Injections, injections, injections. There are a lot of them when you’re having IVF, and you have to do almost all of them yourself. Depending on the protocol your clinic decides is best for you (it can be a long or short protocol), and how your body responds to the drugs you may have several weeks worth of daily injections.
We had what is know as a long protocol, which meant that you first have about two weeks of daily injections to ‘down regulate’ your reproductive system. These injections bring your own natural hormones down to a base line and the effect they have is often compared to going through the menopause (with the possibility of very similar symptoms.) If all goes well with the down regulating then a second daily injection will be introduced to begin stimulating your ovaries.
Our first injection was at the hospital at what they call the ‘injection teach’. One of the nurses walked us through our kit and showed us how to prepare the syringe and safely carry out the injection. It felt so surreal that the next day (and the next and the next) we would be doing this ourselves. Surely we couldn’t be trusted with something with such huge consequences?! We left the hospital with our little bag, full of needles, syringes and drugs, and our very own sharps bin. It suddenly felt very real, and quite special. At home we set up something of an injection station on the dressing table and tried to take it all in!
It was nerve wracking to begin with but we soon found our rhythm, with alex preparing the needle and me actually doing the injection into my stomach. Most days I could barely feel the needle as it pierced my skin, it was so fine, once or twice there would be a tiny spot of blood. We always had a little bit of cotton wool ready to press on the injection site just after.
I did feel some of the side effects of this first drug, but I realise that I perhaps had it easier than some women. I had a couple of absolutely crazy hot flushes which seemed to come from nowhere, and a few days of hormonal headaches. I also had mood swings of course, but I found it so hard to know whether these were down to the drugs affecting my system, or just due to the huge pressure of the situation! This was something I felt throughout our treatment…when I felt sad or fed up or angry, was that the hormones doing it, or was it the fact that we were so emotionally invested in this highly tense situation?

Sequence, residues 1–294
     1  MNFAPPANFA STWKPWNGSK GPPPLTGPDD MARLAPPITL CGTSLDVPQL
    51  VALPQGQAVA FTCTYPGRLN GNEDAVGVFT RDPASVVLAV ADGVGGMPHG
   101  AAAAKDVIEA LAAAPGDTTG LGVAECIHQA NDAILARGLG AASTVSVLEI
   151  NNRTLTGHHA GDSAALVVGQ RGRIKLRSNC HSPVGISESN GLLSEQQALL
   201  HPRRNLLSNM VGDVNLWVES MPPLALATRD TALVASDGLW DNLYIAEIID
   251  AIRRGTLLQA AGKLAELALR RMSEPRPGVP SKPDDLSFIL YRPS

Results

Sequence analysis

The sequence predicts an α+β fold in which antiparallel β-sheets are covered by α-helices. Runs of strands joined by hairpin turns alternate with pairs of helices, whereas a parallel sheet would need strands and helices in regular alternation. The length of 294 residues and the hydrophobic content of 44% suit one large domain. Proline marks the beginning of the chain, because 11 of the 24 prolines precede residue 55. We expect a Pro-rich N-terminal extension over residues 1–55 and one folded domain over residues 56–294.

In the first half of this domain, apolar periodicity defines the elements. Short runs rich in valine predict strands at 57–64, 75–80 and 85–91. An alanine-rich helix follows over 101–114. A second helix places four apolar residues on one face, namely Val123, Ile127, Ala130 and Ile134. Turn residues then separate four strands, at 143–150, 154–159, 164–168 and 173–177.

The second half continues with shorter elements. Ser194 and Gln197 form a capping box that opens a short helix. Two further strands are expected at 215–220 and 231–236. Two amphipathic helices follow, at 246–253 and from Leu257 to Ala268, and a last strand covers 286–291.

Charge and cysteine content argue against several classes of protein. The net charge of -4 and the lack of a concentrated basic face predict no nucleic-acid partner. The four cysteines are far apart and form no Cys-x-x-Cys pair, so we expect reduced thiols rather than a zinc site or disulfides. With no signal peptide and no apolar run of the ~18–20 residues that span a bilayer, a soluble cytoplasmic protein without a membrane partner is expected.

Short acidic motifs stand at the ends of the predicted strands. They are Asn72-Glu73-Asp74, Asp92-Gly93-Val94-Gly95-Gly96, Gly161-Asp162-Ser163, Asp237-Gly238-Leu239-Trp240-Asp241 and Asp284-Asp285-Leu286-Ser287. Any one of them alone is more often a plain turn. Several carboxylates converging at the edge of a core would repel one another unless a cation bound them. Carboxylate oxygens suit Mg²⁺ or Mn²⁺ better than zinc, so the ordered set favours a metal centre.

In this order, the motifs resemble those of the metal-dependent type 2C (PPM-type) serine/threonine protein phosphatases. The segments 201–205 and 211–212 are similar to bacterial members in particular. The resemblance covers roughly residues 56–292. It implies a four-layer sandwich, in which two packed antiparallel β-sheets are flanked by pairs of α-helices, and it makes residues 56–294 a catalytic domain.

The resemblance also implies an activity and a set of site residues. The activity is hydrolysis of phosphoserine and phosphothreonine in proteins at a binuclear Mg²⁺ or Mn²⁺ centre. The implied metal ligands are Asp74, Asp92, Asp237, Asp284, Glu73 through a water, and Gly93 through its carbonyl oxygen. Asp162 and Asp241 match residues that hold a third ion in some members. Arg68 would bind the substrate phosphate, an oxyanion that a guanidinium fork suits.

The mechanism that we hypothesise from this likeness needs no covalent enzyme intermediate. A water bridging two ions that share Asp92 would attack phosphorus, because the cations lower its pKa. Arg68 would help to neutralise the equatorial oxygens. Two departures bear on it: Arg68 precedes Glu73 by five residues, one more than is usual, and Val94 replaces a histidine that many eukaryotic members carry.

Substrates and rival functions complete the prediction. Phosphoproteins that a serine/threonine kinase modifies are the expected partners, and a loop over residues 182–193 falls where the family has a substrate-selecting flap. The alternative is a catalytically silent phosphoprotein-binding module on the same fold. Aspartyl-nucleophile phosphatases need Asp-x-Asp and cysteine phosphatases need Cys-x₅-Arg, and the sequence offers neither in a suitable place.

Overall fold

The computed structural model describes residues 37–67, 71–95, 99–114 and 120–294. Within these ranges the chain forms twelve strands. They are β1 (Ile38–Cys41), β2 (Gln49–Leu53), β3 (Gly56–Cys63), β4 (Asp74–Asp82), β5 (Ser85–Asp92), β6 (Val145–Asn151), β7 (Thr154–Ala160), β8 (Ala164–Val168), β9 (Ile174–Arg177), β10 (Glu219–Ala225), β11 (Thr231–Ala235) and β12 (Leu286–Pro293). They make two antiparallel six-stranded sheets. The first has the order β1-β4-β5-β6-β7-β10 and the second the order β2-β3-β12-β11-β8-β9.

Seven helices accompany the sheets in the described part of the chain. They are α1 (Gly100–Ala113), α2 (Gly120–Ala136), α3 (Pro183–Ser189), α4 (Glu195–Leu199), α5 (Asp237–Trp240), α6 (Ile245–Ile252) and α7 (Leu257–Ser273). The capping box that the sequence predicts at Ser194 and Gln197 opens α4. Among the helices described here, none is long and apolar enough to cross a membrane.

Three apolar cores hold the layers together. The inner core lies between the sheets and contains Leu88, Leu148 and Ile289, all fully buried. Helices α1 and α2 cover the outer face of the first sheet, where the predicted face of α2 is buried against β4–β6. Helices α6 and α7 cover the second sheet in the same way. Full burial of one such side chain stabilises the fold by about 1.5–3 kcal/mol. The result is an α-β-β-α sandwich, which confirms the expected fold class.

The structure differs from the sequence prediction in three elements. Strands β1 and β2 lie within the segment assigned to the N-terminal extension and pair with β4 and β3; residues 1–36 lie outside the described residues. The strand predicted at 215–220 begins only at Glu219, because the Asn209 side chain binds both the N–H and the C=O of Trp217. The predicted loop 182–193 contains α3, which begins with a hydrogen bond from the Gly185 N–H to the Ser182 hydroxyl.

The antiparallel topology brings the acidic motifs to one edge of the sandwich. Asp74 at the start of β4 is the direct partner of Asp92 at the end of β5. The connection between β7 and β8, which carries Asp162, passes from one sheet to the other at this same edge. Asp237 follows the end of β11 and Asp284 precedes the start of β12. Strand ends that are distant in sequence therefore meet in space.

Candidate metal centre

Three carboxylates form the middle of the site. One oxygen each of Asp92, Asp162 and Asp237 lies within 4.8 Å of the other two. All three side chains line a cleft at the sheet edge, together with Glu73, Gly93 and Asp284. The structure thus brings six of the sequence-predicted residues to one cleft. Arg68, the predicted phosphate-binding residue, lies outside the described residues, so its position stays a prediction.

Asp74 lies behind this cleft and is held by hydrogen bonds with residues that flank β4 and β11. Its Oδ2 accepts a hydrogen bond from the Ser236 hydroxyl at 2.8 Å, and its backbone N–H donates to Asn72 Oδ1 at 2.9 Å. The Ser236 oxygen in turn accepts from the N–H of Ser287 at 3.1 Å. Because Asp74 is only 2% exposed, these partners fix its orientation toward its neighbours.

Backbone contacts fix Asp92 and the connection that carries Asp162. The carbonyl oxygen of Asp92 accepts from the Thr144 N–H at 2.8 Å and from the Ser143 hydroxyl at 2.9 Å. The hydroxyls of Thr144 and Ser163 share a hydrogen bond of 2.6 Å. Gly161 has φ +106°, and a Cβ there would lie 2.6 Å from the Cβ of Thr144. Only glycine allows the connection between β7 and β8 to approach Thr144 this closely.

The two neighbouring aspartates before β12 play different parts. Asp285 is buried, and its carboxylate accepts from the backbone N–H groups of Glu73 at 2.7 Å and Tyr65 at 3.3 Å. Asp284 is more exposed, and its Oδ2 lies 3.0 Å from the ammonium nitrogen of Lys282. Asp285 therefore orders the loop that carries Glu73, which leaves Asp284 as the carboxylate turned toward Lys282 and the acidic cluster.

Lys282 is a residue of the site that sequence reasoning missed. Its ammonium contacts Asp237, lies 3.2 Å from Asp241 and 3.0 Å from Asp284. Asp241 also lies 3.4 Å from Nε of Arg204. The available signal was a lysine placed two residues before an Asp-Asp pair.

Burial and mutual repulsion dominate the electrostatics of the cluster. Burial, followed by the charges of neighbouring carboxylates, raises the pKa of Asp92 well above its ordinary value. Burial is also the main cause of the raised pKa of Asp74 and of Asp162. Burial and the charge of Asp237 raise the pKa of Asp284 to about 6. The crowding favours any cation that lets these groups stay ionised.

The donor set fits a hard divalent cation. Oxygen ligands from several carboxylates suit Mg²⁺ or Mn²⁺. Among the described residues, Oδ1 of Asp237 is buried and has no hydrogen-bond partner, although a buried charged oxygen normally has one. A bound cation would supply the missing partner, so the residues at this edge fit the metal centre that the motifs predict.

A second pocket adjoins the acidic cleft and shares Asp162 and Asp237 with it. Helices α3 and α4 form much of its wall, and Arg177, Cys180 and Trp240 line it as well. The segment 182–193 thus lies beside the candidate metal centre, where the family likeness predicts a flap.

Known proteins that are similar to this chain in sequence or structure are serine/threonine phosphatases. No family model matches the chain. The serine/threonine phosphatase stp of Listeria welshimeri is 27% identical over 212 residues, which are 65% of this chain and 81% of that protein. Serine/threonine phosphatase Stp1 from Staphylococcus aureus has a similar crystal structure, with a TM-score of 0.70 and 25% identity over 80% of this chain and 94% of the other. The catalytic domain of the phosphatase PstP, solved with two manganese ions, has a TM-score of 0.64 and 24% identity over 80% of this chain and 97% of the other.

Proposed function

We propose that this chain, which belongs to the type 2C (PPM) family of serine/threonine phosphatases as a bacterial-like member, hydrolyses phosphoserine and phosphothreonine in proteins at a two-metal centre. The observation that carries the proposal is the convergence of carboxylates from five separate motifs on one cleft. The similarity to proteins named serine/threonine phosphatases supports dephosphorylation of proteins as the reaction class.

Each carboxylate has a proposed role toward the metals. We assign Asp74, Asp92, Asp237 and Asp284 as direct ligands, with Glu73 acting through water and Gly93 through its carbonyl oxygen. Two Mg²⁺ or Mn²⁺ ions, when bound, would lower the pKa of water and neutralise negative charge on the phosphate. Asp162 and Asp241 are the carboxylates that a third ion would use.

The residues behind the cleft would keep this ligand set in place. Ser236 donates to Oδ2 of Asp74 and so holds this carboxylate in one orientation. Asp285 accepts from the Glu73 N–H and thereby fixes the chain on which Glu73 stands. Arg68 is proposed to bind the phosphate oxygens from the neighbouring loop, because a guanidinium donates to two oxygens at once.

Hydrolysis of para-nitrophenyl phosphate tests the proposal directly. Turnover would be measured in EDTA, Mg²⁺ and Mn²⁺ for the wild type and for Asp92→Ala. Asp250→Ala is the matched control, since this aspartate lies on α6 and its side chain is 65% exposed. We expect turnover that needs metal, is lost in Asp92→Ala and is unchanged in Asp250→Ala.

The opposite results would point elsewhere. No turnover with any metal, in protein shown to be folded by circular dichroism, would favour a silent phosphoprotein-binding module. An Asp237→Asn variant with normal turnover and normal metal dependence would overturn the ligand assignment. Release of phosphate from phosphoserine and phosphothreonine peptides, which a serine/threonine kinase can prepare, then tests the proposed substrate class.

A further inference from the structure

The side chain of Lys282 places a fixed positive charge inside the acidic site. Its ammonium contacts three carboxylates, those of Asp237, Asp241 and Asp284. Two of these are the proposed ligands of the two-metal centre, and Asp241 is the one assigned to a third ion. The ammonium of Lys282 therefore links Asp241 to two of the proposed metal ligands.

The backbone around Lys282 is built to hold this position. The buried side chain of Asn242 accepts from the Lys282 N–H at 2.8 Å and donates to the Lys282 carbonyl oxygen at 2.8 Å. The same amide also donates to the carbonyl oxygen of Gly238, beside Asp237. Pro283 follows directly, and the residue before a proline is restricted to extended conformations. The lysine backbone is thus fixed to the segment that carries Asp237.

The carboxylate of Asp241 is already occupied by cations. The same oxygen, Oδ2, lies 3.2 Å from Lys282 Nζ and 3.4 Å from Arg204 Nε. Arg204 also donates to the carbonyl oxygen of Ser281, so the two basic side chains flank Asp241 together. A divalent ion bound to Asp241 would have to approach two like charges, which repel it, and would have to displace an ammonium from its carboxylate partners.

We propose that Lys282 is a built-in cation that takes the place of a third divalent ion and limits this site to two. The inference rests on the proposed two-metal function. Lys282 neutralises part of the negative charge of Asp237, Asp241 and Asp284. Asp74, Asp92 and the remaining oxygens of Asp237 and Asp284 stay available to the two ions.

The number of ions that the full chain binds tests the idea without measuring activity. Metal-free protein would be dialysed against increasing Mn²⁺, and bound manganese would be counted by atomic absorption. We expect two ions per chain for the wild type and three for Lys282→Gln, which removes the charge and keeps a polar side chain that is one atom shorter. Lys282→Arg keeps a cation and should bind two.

After a fortnight, and successfully down regulated, the second injection was introduced. This one was a little more fiddly to prepare as you had to mix the powdered drug with liquid before sucking it up into the syringe and injecting.
Over the days that followed I could physically feel my ovaries swelling as the drugs began to take effect. After 9 days I went in for a scan and the doctor carefully counted and measured the number of follicles which had grown on each ovary. For many women having IVF there may be several scans over several days, as you are watched to see how your body responds to the drugs and to wait for the optimal moment – that of enough growing follicles to increase your probability of a successful egg collection, but not so many so as to be ‘over stimulated’. Incredibly for us the doctor decided my ovaries looked ripe on my first scan and prepped us to come in for egg collection the following Monday (2 days later.)
And so to the final injection, this is the big one: The Trigger. So much rests on this and the clinic are very clear to impress the importance of doing it just right at just the exact moment it needs to be done. This drug had been sitting in our fridge from day one, waiting for its moment, and would signal my ovaries to get those little follicles and eggs ready to leave the mother ship. It is precisely timed to fit in with your scheduled egg collection operation and the pressure on doing it correctly felt enormous!
Luckily they made it as easy as it could be for us, the injection was in a pre-prepared pen, all we had to do was correctly use it at the right time. After double, triple and quadrupley checking it we took the final plunge, as it were. Now all we had to do was wait and hope we’d done it correctly.
I remember when I’d first read the ‘what’s involved’ sheet our clinic gave us about the treatment protocol we’d be following. I got so upset. I felt like something had been stolen from us that we would have to go through all this just to give us a shot at what seemed to come so easily for so many others. But now I know how much we gained. The period of time when we were having our daily injections each morning was so precious. It brought us closer in a way I think few other things could have, and even now Alex often randomly looks at me and says ‘remember when I used to inject you?’. It’s a uniquely intimate thing to go through together and I’m grateful to have shared in the experience with him.